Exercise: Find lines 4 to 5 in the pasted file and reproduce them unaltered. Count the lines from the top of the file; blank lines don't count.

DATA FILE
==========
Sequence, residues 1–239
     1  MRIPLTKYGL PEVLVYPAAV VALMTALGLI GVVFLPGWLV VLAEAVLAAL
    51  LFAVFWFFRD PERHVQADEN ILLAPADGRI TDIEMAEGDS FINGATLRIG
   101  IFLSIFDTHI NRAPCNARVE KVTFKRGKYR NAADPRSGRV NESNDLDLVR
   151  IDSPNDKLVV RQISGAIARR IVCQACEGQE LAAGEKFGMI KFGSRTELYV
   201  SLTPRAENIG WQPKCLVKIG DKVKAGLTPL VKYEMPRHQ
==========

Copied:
   101  IFLSIFDTHI NRAPCNARVE KVTFKRGKYR NAADPRSGRV NESNDLDLVR
   151  IDSPNDKLVV RQISGAIARR IVCQACEGQE LAAGEKFGMI KFGSRTELYV